In a wireless network, mobile nodes (MNs) repeatedly perform tasks such as layer 2 (L2) handoff, layer 3 (L3) handoff, and authentication. These tasks are critical, particularly for real-time applications such as VoIP. We propose a novel approach, namely cooperative roaming (CR), in which MNs can collaborate with each other and share useful information about the network in which they move.
We show how we can achieve seamless L2 and L3 handoffs regardless of the authentication mechanism used and without any changes to either the infrastructure or the protocol. In particular, we provide a working implementation of CR and show how, with CR, MNs can achieve a total L2 + L3 handoff time of less than 16 ms in an open network and of about 21 ms in an IEEE 802.11i network. We consider behaviors typical of IEEE 802.11 networks, although many of the concepts and problems addressed here apply to any kind of mobile network.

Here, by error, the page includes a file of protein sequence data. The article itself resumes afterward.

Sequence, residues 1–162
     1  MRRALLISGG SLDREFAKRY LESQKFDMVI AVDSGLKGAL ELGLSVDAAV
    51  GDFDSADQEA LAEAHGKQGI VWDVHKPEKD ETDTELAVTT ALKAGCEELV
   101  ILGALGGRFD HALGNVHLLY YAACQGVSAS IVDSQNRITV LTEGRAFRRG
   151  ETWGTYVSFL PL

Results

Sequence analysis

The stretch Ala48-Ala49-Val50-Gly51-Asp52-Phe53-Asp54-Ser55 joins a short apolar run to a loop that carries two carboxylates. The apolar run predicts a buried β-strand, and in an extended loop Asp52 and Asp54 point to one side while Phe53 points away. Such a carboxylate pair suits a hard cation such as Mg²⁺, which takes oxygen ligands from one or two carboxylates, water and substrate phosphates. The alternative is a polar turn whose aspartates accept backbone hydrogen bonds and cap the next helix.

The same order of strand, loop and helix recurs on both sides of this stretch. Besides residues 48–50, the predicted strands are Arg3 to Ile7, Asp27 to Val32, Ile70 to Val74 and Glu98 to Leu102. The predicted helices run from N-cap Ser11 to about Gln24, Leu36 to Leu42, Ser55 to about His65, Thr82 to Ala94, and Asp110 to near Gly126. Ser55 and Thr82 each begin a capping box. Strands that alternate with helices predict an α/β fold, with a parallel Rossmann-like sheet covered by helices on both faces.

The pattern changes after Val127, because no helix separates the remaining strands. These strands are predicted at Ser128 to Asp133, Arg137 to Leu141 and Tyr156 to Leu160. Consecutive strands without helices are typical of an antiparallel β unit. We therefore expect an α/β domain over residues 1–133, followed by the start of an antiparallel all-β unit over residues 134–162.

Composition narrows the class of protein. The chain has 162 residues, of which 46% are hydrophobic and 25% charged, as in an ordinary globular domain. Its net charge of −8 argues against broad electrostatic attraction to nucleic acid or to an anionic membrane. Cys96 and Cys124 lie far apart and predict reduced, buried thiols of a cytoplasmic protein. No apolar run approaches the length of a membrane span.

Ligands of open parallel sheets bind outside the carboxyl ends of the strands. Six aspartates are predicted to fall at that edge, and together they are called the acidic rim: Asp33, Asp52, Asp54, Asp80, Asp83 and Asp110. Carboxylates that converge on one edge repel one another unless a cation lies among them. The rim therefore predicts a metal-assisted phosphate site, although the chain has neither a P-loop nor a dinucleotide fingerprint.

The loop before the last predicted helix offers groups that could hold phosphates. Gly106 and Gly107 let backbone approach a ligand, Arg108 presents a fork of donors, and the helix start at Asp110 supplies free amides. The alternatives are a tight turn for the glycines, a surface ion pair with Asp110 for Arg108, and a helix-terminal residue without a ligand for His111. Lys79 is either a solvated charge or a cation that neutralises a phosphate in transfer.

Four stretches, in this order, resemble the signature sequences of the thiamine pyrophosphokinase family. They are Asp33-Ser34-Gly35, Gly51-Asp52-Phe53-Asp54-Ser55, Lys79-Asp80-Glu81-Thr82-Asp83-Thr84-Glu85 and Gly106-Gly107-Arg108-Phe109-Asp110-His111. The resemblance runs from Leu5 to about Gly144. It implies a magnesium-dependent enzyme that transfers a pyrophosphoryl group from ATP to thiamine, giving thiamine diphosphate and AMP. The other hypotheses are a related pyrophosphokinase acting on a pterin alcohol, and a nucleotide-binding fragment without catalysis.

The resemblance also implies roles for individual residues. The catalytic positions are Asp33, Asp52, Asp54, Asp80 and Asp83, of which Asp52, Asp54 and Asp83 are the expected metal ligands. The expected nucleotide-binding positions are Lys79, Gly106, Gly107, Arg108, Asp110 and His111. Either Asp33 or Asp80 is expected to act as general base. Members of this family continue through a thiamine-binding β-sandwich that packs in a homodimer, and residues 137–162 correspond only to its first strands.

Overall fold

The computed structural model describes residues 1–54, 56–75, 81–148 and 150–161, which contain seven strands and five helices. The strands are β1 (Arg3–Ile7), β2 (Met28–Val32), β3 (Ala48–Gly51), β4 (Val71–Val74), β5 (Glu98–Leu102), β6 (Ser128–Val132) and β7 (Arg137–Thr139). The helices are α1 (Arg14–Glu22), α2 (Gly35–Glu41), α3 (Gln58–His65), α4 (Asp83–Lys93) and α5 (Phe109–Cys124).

Enabling VoIP services in wireless networks presents many challenges, including quality of service (QoS), terminal mobility, and congestion control. In this chapter, we focus on IEEE 802.11 wireless networks and address issues introduced by terminal mobility.
In general, a handoff happens when an MN moves out of the range of one access point (AP) and enters the range of a new one. We have two possible scenarios: